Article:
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Hillary Channels Her Inner Teddy

Clinton’s plan to expand the federal estate tax on the wealthy represents a bold step towards addressing today’s skyrocketing inequality.

Originally published by The American Prospect.

Hillary Clinton’s proposal to strengthen the federal estate tax is the best idea yet to reverse our national drift toward extreme wealth inequality.

Clinton proposes an expansion of the federal estate tax, our nation’s only levy on the transfer of accumulated wealth of multimillionaires and billionaires. The tax falls on fewer than two out of 1,000 estates, yet puts a brake on concentrated wealth, encourages charitable giving, and raises substantial revenue from those most able to pay.

Her plan would generate $260 billion over ten years, exclusively from multimillionaires and billionaires, that she plans to use for investments in expanding opportunity, such as reducing college debt, simplifying small business taxes and expanding the child tax credit.screen-shot-2016-09-23-at-10-26-06-am

The estate tax, which celebrates its 100th anniversary this month, was viewed at its inception as a way to address the excesses of the first Gilded Age. The impetus to pass a tax on inherited wealth came from rural populists and enlightened industrialists. In his 1889 essay, Wealth, steel magnate Andrew Carnegie observed about that estate tax “of all forms of taxation, this seems the wisest.”

President Theodore Roosevelt advocated for “a graduated inheritance tax on big fortunes” that should be “properly safeguarded against evasion” and must increase “rapidly in amount with the size of the estate.” Estate taxes, Roosevelt argued, were required “to preserve a measurable equality of opportunity.”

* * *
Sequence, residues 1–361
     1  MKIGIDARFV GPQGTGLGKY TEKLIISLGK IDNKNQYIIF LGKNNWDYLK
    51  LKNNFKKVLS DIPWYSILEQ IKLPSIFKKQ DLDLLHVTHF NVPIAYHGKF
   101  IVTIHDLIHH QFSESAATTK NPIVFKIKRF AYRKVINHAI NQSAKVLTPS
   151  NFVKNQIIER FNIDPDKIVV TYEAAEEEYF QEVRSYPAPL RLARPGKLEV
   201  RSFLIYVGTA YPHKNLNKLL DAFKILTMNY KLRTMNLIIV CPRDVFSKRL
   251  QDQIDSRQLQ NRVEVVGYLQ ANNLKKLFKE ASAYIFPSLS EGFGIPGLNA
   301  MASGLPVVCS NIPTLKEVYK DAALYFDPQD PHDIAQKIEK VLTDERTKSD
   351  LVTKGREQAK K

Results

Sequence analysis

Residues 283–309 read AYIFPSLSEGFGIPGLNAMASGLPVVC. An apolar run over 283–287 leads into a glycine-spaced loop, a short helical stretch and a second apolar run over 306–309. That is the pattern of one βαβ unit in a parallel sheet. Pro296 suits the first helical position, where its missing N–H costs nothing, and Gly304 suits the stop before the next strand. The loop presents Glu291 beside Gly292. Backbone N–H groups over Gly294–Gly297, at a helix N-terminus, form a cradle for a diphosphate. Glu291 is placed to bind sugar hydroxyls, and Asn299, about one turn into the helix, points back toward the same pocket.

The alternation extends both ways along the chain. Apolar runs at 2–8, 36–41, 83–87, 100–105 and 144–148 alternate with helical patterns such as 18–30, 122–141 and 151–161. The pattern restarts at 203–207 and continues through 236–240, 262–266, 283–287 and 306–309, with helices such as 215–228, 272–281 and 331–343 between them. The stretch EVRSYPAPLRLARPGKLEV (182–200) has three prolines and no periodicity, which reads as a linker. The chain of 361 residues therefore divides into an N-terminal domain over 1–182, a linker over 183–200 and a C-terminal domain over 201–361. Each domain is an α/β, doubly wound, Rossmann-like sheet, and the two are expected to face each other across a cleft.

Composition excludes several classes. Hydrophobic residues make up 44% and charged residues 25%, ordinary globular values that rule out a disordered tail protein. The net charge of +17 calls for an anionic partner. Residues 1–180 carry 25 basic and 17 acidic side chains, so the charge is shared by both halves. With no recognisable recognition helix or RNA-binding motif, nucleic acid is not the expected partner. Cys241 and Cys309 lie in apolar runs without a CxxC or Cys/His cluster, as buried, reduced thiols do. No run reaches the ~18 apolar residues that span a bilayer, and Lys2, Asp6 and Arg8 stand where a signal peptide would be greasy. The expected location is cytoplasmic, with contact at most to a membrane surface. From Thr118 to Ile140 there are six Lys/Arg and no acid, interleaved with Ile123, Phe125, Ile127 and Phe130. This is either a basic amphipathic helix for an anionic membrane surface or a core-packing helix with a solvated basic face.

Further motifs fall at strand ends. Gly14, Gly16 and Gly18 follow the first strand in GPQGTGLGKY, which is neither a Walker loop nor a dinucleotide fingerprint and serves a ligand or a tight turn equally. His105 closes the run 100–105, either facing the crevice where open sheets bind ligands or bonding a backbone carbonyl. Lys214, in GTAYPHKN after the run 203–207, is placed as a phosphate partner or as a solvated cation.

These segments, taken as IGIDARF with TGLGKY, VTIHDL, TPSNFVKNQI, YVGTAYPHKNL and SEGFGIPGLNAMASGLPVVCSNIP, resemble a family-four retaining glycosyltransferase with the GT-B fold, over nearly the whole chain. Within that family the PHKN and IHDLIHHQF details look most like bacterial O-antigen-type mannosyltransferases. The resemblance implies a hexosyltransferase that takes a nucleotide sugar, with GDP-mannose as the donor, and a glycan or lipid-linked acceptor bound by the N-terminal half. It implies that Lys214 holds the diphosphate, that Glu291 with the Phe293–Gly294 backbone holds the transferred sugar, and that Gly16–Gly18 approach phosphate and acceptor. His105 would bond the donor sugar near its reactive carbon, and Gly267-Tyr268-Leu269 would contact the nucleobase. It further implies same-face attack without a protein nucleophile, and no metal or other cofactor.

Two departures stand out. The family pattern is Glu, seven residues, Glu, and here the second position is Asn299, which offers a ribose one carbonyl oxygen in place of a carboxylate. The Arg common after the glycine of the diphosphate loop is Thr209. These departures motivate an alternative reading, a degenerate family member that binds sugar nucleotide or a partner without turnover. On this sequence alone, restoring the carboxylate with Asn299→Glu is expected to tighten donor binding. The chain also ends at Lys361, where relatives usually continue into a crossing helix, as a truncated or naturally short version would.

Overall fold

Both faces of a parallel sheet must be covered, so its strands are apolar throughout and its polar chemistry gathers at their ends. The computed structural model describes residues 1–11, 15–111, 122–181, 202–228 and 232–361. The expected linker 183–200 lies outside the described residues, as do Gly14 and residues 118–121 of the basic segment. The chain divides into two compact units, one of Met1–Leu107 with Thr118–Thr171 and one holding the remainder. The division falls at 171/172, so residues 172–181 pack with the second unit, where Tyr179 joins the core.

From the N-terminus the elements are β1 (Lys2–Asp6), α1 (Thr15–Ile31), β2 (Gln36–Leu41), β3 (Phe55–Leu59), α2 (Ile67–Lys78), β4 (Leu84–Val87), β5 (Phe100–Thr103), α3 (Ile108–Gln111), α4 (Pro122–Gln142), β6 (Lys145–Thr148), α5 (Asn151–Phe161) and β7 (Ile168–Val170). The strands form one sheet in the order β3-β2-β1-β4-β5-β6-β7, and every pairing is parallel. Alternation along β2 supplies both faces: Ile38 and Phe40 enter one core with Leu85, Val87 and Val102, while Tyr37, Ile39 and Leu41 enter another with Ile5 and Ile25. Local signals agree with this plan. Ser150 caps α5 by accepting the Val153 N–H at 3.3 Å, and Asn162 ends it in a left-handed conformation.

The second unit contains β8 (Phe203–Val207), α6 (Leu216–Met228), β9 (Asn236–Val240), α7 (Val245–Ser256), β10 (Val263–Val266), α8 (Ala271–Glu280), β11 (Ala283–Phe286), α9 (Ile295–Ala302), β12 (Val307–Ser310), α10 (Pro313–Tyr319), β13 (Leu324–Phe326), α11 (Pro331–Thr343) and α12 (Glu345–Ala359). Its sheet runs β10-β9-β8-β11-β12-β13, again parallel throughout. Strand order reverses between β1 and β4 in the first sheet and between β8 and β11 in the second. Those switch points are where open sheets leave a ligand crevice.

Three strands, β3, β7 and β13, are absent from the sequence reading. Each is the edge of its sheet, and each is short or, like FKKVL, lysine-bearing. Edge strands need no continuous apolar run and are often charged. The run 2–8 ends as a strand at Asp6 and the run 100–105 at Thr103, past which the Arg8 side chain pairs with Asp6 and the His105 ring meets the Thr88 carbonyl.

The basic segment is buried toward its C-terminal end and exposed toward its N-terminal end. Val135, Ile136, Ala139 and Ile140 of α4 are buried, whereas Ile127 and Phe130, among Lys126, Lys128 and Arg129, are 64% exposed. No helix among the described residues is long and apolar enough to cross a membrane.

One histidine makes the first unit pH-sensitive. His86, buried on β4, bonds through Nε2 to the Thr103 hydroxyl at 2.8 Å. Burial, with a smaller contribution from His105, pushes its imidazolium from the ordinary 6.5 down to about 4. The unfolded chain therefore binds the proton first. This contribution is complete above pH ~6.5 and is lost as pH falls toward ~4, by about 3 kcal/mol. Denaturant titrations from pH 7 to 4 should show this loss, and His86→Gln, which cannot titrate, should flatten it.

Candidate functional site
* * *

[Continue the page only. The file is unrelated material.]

Clinton’s proposal adopts the Roosevelt principle by including a progressive rate structure—the greater the wealth, the higher the rate.

Clinton’s proposal adopts the Roosevelt principle by including a progressive rate structure—the greater the wealth, the higher the rate. Estates starting at $7 million would pay the current rate of 40 percent, but larger estates would pay incrementally more. Estates over $1 billion would pay a 65 percent rate. The plan also mirrors Bernie Sanders’s Responsible Estate Tax Act and represents a concrete example of her adopting a piece of his anti-inequality agenda. Such a tax would truly put a brake on the concentration of wealth.

The Clinton proposal makes another important improvement: It would close a “billionaire’s loophole” known as the Grantor Retained Annuity Trust (GRAT), which allows estates of the super-wealthy to avoid the estate tax. Some billionaires using the GRAT “billionaire loophole” include Goldman Sachs CEO Lloyd Blankfein, Facebook’s Mark Zuckerberg, Dish Networks’ Charles Ergen, fashion designer Ralph Lauren, and multiple Walton family members.

To be clear, the impact of this expansion is not on the successful small businesses hoping to hand off their enterprise to their children as some wrongly argue. The real impact falls on people like the Waltons, America’s wealthiest family, whose children will inherit tens of billions of dollars combined.

Clinton’s plan also ends the “stepped-up basis” loophole that allows heirs to avoid paying any capital gains on the assets they inherit, which have never been taxed.